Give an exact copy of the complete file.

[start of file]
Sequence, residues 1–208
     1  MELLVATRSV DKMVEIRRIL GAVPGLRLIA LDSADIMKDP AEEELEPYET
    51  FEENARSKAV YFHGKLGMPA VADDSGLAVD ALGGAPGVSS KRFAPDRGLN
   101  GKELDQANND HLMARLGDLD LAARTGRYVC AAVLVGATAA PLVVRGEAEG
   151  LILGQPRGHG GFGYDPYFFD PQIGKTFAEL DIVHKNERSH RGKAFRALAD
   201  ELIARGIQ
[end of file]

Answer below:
Sequence, residues 1–208
     1  MELLVATRSV DKMVEIRRIL GAVPGLRLIA LDSADIMKDP AEEELEPYET
    51  FEENARSKAV YFHGKLGMPA VADDSGLAVD ALGGAPGVSS KRFAPDRGLN
   101  GKELDQANND HLMARLGDLD LAARTGRYVC AAVLVGATAA PLVVRGEAEG
   151  LILGQPRGHG GFGYDPYFFD PQIGKTFAEL DIVHKNERSH RGKAFRALAD
   201  ELIARGIQ